It’s Wimbledon, and watch these guys -- Isner and Mahut. Not for the best serves, or returns, or strategy. Watch these two guys because they’re so far in their heads, they won’t let go, they can’t let go. 59-59 games in the final set – beyond what’s ever been done, so way beyond it’s crazy, it’s -- the commentators tried to come up with a superlative -- “Epic, no, beyond that, it’s… epic and then something…”

Epicalifragistic?

And I’ll bet anyone who has ever punted a ball over the net is boring others with their personal best.

(Sybil. Semi final, Juniors. She had a better forehand, I had a better backhand. We had played before and before and before. It seemed it was always Sybil or it was always me.

But this one match, we pounded away for hours,from early afternoon until dark. We finally weren’t playing tennis at all; we just smacked each other’s hearts back and forth, cross court and down the line.

All other matches I remember because I raised a trophy, or didn’t. But this one I remember from right in the middle. Just the ball and my arm, and the way my arm crossed my chest and stopped, then swung free. There weren’t ten voices, or five or even one in my head. The whole world was silent, but for the whack and the whack and the whack.)


In soccer, even in the World Cup, if two teams are evenly matched on a given day, they’ll call the whole thing a draw so everyone can go out and get drunk.

Not so in tennis. 59-59 games in the final set? Tomorrow, lift one for Isner and Mahut. We’ll never see the likes of this again.

ap photo. Epicalifragilistic match continues tomorrow.

Monday, June 21, 2010

The course of true love

This is Phoebe.



This is Otto.



They’re very much in love.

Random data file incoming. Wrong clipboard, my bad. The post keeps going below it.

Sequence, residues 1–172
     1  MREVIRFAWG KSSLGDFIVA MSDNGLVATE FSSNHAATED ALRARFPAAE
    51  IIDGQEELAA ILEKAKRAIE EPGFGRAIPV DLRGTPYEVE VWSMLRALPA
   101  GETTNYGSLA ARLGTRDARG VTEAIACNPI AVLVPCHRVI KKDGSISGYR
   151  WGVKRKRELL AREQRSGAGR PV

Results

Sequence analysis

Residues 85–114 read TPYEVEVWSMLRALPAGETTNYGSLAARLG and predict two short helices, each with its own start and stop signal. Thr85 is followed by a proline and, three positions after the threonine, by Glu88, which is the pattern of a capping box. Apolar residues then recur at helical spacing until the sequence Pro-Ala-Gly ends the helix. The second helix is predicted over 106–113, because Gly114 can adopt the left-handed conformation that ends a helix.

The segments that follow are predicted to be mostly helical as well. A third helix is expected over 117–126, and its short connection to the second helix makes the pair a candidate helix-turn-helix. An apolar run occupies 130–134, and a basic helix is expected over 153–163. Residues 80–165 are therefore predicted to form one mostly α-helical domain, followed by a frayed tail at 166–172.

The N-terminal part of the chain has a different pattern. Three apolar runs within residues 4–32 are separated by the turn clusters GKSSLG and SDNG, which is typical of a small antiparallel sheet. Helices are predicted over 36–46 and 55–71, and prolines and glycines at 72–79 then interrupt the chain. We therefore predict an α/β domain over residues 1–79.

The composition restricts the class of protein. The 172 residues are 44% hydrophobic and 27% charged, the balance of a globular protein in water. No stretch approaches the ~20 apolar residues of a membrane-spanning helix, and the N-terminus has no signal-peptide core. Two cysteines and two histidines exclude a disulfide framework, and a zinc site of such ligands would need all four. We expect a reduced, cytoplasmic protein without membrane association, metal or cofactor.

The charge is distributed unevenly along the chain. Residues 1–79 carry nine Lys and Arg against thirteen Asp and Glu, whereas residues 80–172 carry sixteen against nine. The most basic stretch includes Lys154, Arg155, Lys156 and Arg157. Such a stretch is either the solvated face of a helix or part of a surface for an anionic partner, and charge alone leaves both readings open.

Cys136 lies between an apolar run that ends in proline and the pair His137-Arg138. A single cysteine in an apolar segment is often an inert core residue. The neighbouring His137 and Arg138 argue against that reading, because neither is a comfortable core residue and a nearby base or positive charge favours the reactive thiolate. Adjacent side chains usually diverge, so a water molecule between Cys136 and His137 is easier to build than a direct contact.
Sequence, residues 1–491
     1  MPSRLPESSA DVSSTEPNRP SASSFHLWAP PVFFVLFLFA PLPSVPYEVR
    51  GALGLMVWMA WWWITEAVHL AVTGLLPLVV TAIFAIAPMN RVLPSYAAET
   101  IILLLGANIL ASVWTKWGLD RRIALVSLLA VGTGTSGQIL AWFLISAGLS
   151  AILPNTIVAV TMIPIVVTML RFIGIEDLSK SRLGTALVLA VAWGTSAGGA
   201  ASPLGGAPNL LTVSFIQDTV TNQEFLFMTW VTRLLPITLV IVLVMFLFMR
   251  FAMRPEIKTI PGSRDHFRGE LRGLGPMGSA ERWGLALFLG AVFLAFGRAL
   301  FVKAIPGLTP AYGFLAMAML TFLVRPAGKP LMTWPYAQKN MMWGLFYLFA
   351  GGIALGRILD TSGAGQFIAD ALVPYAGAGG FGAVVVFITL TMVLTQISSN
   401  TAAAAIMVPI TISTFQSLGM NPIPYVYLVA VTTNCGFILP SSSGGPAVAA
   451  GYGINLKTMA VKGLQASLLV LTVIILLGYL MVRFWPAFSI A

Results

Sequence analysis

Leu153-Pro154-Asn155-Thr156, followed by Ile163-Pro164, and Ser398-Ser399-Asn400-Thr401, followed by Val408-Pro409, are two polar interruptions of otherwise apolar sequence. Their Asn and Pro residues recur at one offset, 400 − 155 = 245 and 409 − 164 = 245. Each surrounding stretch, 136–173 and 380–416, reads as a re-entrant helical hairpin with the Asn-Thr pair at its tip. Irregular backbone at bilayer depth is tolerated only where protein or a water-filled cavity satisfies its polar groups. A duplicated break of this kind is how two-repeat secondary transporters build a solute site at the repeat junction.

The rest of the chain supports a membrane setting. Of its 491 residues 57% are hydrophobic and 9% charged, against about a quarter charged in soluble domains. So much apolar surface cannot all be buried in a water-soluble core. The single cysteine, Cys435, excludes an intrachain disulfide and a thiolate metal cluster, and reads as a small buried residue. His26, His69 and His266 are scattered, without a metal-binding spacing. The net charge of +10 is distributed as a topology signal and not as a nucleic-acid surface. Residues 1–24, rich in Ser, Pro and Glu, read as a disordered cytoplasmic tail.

Otto and Sophie have been married for eight years. Now he wants to leave his wife. "I love her, you know. I'm just not in love with her."





Phoebe is in the throws of a moral delimna. And there's the age difference; she's 91, Otto is only 56. Plus, Phoebe already has a significant other. But when I reminded her Albert was waiting at home she said, "Albert who?"

Friday, June 18, 2010

Altadena: Where we live, part 2



“I have spent much of my life looking at plants. And recently it seems that plants, with sympathy, are looking at me. I wish I could get them to look the other way. It has all to do with memories, memories of the time when southern California was different, or the world was different, and so was I.”

Hildegarde Flanner, Poet and Author, "At the Gentle Mercy of Plants"


I get excited about a few old olive trees or 20 acres of open space. Hard to imagine, hard to imagine Altadena was once nothing but olive trees, orange groves, vineyards, poppy fields, and a few dwellings, all lightly held in the open hand of the mighty San Gabriel Mountains.

The 27-year old Flanner and her mother moved to Altadena in the 1920s, after their home in Berkeley burned to the ground. They bought three old houses, structures is probably more apt, on a little less than an acre, and here they would stay for the next 35 years. Flanner writes that it was a “stunning surprise” for her mother to learn, after the purchase, “Typical of many modest old houses in California, ours was constructed without studs, and of walls somehow assembled of thin redwood planks nailed top and bottom to horizontal two-by-fours … anyone who could hit a nail with a rock could put a house together, and often did.”

Fast growing vegetation of the climbing and flowering sort hid the less than stellar results. (Trust me, that still works at my house.)



I don’t know how Flanner met the architect Frederick Monhoff, but, “Very happily, both for my own life and our immediate circumstances as abashed householders, we had not lived in our delightful slum for more than half a year when I married.”

Monhoff reconstituted and in some cases, totally rebuilt the three structures into actual living spaces. A unique zigzag wood and cinderblock wall still surrounds the houses and the houses still surround the garden, and in the garden some of the original plants still thrive.



As Monhoff installed the wall, Flanner, all chuffed and proud of her husband, told a neighbor:
“Our wall is designed with certain formal irregularities. Have you ever seen a serpentine wall?”
“I have not,” she said. “But I can see by the foundations that yours is going to wiggle.”




I try to steer clear of nostalgia for a past that was never mine; we lose enough in our own lifetime.